The S-Class oozes quality, but how will it perform against Japan's finest?
Although the latest S-Class is nearly a year old, the debate over its styling still rages. The high waistline and flared wheelarches make it one of Mercedes’ most daring designs in recent times.
Park it alongside the Lexus, and the S500L looks even more ostentatious. When driving in convoy, it was the S500 that attracted attention – in comparison, the Lexus already seemed passé. With its imposing grille and angular headlights, the German machine has a surprisingly aggressive stance, although the design does a good job of concealing the fact that it’s 5.2 metres long.
Inside, it’s even more apparent that this Merc is something special. Unlike the LS, the S-Class stands out from the rest of the model range. Build quality is impeccable, as are the materials used throughout. But it’s the classic style and attention to detail which combine to give this car a special feel that the Lexus simply cannot match.
The armchair-like rear seats are as comfortable as its rival’s here. If anything, they are even more cosseting, not least because this LWB model offers more legroom. But in terms of standard kit, occupants in the Mercedes will feel relatively hard done by. Side window blinds are a £520 option, while the DVD player will set buyers back a whopping £3,200. Similarly, soft-close doors and a powered bootlid are both on the extras list, yet they come as standard on the Lexus.
The S-Class’s modern dashboard design is a big plus here, though. Its curved layout works well, and the switchgear feels more expensive than that of the LS. What’s more, the control system is far better thought-out than its rival’s – the central computer-style screen and metal dial are simple to master, while steering wheel pads operate most key functions, so you needn’t take your eyes off the road.
It’s also immediately apparent that Mercedes has invested heavily under the skin. Dynamically, the S500L is highly accomplished; unlike the Lexus, there’s no marked difference in the way the suspension absorbs crests or potholes, as both pass under the wheels practically unnoticed.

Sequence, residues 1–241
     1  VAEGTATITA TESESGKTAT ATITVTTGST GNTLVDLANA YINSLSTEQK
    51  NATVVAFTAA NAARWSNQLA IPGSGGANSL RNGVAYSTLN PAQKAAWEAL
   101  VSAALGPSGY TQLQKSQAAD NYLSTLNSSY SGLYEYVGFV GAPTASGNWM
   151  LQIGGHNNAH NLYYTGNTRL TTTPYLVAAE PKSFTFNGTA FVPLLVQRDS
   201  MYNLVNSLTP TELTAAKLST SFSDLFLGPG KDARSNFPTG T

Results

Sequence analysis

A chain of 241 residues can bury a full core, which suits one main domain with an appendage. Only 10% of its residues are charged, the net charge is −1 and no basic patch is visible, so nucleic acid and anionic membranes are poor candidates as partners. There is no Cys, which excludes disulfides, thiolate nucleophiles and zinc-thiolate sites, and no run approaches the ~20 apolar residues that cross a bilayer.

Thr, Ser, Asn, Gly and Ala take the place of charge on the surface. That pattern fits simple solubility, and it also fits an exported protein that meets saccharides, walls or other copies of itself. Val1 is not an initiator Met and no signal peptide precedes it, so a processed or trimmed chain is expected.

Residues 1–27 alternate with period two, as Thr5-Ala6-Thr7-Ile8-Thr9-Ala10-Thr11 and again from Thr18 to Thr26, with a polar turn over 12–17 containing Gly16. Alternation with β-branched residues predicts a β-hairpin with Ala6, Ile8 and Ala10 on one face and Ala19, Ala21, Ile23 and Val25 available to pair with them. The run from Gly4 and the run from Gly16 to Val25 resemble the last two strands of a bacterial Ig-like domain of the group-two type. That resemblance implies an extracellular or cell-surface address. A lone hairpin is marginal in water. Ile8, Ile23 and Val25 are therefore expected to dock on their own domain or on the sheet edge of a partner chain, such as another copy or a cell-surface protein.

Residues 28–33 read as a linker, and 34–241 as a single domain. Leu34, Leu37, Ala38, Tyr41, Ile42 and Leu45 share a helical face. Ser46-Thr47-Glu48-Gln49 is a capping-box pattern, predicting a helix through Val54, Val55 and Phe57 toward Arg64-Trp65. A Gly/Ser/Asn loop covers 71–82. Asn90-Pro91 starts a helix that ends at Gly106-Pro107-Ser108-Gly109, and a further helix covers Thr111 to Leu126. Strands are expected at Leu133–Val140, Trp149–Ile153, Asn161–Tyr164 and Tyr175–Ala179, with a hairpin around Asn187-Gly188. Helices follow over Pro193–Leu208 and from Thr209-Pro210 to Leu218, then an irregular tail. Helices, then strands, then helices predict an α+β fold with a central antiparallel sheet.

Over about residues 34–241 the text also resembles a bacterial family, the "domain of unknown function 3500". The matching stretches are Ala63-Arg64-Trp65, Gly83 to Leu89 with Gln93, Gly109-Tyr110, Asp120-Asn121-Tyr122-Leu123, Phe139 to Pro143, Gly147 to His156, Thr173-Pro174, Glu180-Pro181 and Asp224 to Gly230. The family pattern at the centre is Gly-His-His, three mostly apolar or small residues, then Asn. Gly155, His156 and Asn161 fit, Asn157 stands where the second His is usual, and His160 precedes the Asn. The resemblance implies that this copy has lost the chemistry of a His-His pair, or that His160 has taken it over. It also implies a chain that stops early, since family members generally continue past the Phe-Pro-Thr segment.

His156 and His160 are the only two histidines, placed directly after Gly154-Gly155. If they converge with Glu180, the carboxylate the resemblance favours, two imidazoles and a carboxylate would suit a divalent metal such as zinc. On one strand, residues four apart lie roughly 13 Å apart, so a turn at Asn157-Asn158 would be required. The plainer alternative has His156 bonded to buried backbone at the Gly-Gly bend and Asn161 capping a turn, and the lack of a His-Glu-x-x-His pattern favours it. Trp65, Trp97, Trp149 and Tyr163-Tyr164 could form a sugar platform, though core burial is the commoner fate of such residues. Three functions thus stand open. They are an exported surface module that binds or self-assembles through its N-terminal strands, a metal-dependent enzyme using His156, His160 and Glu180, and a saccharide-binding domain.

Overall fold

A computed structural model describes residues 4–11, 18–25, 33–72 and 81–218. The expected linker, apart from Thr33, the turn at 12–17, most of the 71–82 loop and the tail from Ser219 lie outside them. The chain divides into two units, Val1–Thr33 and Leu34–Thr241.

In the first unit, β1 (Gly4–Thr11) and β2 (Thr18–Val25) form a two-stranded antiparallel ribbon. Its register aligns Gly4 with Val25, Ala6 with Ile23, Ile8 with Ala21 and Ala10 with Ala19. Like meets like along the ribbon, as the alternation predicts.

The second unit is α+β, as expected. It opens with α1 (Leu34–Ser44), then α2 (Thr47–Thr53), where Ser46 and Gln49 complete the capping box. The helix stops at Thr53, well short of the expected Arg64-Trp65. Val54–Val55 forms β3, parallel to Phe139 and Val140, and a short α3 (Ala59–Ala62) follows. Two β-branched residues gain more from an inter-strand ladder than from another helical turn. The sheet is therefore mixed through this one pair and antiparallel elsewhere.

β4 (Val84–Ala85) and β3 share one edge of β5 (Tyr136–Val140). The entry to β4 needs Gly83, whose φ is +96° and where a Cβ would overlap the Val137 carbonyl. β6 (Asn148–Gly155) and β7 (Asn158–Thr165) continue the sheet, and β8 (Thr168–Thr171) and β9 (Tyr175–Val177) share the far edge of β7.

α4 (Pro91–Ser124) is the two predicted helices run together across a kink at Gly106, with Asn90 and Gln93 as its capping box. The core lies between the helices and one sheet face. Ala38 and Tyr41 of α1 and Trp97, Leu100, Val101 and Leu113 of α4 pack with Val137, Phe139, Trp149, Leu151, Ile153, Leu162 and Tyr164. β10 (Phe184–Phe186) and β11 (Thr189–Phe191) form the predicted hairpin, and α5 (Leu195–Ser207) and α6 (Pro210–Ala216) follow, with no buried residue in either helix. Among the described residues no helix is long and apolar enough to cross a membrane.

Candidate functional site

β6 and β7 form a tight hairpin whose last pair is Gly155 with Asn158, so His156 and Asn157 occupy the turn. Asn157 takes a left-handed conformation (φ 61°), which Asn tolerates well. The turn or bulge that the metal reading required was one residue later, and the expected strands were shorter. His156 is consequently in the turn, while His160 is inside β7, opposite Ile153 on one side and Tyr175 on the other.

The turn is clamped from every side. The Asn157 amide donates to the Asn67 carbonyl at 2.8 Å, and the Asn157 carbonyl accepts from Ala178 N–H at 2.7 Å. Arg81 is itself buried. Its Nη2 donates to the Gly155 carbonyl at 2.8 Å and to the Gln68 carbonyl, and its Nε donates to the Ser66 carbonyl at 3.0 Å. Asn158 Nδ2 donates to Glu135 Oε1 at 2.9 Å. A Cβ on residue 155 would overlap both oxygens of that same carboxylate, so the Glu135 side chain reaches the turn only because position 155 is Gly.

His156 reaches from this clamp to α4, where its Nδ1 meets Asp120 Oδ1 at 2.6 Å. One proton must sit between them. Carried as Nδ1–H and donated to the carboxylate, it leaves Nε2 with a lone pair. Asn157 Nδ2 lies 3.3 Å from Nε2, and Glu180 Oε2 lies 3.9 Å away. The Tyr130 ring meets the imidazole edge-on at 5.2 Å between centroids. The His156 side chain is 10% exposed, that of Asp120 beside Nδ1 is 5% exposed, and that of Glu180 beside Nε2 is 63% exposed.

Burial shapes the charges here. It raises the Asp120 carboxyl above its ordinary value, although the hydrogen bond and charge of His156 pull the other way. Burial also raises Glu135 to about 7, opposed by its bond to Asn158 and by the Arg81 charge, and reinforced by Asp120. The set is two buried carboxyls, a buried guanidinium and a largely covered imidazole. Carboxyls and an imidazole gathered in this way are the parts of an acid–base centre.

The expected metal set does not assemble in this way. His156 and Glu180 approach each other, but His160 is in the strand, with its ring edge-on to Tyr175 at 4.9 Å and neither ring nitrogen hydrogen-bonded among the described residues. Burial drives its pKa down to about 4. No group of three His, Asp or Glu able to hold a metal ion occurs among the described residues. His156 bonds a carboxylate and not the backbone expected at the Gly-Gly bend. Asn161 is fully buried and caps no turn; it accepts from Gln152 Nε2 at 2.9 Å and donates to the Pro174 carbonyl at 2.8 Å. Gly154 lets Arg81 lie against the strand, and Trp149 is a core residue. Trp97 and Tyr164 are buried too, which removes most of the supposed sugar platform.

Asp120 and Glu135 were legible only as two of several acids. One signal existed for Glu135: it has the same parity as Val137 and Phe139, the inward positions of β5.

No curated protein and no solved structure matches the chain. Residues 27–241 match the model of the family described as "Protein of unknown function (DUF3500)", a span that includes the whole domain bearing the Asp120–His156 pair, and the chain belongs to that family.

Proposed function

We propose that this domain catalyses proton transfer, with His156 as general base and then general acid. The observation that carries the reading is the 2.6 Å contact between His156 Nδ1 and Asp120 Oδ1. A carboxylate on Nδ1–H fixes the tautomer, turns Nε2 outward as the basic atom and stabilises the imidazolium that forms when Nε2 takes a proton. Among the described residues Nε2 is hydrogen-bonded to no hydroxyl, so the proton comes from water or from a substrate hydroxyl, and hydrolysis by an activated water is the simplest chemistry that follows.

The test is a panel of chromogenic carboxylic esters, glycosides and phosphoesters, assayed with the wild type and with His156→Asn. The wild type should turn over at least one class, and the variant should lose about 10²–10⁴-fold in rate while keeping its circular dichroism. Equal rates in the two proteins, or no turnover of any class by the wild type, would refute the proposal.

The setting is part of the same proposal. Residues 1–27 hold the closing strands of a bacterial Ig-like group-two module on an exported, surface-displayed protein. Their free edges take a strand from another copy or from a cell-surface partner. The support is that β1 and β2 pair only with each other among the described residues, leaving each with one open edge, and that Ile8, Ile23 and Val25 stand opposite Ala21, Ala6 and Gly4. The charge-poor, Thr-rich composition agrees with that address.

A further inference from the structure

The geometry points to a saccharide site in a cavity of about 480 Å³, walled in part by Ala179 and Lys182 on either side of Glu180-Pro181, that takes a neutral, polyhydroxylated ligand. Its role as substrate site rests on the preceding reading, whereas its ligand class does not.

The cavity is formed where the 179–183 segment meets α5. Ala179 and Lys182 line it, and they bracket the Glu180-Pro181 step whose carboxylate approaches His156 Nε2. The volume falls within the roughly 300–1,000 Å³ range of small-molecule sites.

The ride is virtually faultless, while road and tyre noise are as distant here as in the Japanese contender. Furthermore, the S-Class’s agility belies its size and weight. Of the two models, it’s the much more rewarding to drive, thanks to sharp cornering, meaty steering and strong brakes.
Passengers will appreciate the good body control, while the slightly stiffer suspension – as in the Lexus, it’s switchable between comfort and sport modes – prevents the S-Class from pitching and diving as much as the LS. The 5.4-litre engine is superb, and acceleration is amazing considering the model’s size and weight. There is none of the noise usually associated with high speeds, while the seven-ratio gearbox delivers slick shifts. Due to its power and weight advantage, the Merc outpaces the Lexus. It’s quicker in kickdown, too, and feels more urgent and responsive than its rival.
Although price differences aren’t particularly decisive in this market, it’s disappointing to see the Mercedes doesn’t provide anywhere near the same amount of standard equipment as the LS. Features such as voice recognition, a reversing camera, cooled seats and active radar cruise control are all optional extras on the S-Class, yet come as standard on the LS. Will this penny-pinching attitude count against the German model?
Price: £73,815Model tested: Mercedes S500L 5.4 litre/388bhpChart position: 1WHY: There are three petrol S-Classes (S350 V6, S500 V8 and S600 V12), plus the S320 CDI diesel. All have standard or long wheelbases except the S600, which comes only with the latter. Prices start at £56,720, and we try the S500L – although an S350L was used in our pictures.
On our test route, the S500L was a bit more frugal, giving 18.6mpg. The huge 90-litre tank means a range of 368 miles – 43 more than the Lexus – but fill-ups are eye-wateringly expensive events.
The S-Class loses money faster than any other Mercedes, and the S500L has some of the poorest residuals in the model line-up. After three years, it is worth 32 per cent of its new value – a drop of £50,396.
The S500 is marginally cheaper to maintain, and has a variable service schedule. But Merc dealers finished 23rd out of 33 in Driver Power 2006; you expect better when spending so much.
Higher-rate payers face a slightly larger tax bill of £10,334; add options, and the figure climbs sharply. And the Merc emits more CO2 – 279g/km as opposed to the LS’s 261g/km.
In this review
- 1IntroductionThey’re two of the world’s most advanced cars, but which has the edge...
- 21st - currently readingThe S-Class oozes quality, but how will it perform against Japan's finest?
- 32nd The LS460 is highly impressive and has incredible engineering, but does it it lack personality?
- 4Facts and figures